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Monday, June 1, 2009

The Seafood Dilemma

Seafood has long been considered an essential element in healthy diets. Population studies have shown that people who eat fish regularly live longer and have lower incidences of chronic disease than those who do not. Research studies confirm the health benefits of omega-3 fatty acids docosahexaenoic acid (DHA) and eicosapentaenoic acid (EPA) which are only found in fish and seafood. However, reports of contamination with toxic compounds and environmental damage from flawed fishing practices leave some skeptical. Can the benefits of eating fish and seafood outweigh the risks?

Health Effects

The essential omega-3 fats in fish and seafood have been found to protect against cancer and heart disease. They can reduce inflammation in the body, improve cholesterol levels, and reduce the likelihood of blood clot formation. Fish fats play important roles in the prevention of heart attack, stroke, cancer and autoimmune inflammatory conditions like rheumatoid arthritis and systemic lupus erythematosus. They may also improve chronic conditions such as insulin resistance, coronary artery disease, high blood pressure, atherosclerosis, diabetes, PMS, memory loss and depression.

DHA and EPA are essential to our diet because our bodies cannot make them. Alpha-linoleic acid (ALA) is a precursor found in flax seeds, walnuts, hemp seeds, purslane and soy. It can be converted into DHA and EPA inside the body, but the conversion process is not efficient. Some experts estimate that less than one percent of ALA is converted into these healthy omega-3 fats. Furthermore, conversion becomes less efficient as we age. This puts elderly individuals who do not eat seafood at higher risk of DHA and EPA deficiency at a time when support for neurological and cardiovascular systems is more important than ever.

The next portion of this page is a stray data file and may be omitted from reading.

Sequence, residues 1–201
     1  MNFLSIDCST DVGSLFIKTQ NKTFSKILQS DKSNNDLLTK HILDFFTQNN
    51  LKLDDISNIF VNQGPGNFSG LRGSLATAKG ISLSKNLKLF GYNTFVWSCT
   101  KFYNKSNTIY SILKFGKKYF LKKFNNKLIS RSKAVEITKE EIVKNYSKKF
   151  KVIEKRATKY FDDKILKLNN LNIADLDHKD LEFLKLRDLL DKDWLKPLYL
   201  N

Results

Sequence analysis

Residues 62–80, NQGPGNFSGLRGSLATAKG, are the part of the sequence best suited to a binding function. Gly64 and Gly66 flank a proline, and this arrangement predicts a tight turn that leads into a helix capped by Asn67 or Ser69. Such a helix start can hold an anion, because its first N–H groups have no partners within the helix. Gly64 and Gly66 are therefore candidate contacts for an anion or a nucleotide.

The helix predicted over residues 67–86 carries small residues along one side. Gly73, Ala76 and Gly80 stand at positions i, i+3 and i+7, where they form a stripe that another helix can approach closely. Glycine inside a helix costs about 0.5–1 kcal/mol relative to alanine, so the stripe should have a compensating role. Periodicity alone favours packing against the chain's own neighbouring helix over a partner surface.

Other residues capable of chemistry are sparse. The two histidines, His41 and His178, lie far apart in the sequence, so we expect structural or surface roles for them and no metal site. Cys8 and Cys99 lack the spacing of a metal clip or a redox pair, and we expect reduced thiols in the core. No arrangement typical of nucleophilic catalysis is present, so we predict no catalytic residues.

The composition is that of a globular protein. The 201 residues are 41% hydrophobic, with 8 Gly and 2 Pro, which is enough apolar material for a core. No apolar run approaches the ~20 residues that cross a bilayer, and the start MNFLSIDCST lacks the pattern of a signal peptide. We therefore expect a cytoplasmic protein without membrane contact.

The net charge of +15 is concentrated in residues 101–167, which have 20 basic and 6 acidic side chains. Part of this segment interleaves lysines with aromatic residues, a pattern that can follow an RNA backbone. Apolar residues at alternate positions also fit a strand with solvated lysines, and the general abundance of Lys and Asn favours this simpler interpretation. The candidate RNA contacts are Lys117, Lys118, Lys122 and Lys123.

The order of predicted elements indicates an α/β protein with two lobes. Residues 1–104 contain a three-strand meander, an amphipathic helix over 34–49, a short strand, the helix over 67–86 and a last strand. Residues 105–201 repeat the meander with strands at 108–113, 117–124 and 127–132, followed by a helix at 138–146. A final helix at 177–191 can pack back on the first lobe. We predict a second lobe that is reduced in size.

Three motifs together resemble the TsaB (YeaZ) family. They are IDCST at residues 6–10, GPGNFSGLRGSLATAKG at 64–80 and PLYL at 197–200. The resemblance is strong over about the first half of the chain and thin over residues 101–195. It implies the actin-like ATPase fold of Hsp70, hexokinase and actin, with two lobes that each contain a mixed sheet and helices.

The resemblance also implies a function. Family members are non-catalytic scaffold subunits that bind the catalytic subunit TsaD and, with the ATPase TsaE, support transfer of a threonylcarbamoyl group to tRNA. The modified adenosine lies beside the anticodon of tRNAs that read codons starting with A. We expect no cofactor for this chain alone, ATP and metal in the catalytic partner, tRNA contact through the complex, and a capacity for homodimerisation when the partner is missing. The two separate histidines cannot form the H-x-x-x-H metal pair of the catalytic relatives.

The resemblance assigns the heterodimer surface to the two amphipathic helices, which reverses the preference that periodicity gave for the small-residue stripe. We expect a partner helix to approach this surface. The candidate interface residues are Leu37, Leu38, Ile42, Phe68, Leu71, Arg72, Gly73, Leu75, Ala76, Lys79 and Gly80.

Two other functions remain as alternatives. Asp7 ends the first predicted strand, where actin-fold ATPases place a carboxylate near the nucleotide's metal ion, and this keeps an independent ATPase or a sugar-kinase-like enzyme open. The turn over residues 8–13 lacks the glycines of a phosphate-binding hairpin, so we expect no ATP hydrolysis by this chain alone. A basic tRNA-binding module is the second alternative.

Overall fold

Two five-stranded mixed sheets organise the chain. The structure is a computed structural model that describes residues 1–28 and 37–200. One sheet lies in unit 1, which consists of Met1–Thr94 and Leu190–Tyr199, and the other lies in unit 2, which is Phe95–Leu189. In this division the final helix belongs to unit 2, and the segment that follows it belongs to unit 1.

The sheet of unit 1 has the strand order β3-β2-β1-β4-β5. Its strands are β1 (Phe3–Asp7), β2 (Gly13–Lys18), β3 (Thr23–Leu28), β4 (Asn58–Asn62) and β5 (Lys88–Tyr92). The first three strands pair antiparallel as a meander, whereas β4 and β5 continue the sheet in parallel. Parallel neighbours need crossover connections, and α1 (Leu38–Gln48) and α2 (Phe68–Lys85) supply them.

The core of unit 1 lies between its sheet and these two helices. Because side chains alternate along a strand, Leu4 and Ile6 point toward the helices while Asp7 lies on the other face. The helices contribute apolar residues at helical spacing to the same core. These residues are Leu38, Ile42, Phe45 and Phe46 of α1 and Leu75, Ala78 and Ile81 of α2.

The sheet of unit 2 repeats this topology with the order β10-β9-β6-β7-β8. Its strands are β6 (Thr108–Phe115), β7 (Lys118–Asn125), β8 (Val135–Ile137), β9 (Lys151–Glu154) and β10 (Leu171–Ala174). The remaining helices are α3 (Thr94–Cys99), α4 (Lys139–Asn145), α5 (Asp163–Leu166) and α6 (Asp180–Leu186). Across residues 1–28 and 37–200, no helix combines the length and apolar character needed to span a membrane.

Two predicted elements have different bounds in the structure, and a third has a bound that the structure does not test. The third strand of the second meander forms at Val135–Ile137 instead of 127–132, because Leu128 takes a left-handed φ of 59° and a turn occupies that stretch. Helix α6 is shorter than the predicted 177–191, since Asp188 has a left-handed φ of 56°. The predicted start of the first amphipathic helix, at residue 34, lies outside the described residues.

Despite the numerous benefits of eating fish and seafood, health concerns exist as well. Studies have shown that some species are contaminated with mercury, lead, cadmium, polychlorinated biphenyls (PCBs), dioxins, antibiotics, insecticides and pesticides. A 2004 study published in Science compared wild salmon to farm-raised salmon from across Europe and North and South America. Researchers found that the farm-raised fish had much higher concentrations of cancer-causing contaminants, including PCBs, dioxins and insecticides dieldrin and toxaphene. Given the increased risk for cancer, many experts advise limiting consumption of farm-raised salmon to one meal per month or less. I recommend avoiding it all together.

Cancer isn’t the only risk associated with eating contaminated fish. Toxins in fish have also been associated with problems in neurological, reproductive, endocrine and immune systems. Mercury can be especially dangerous for pregnant women because it is damaging to fetuses, impairing brain and nervous system development. Problems with memory, cognitive thinking, learning, language, visual and fine motor skills have been associated with exposure to mercury in utero. Symptoms in adults include problems with peripheral vision, sensation, muscle coordination, speech and hearing.

Environmental Damage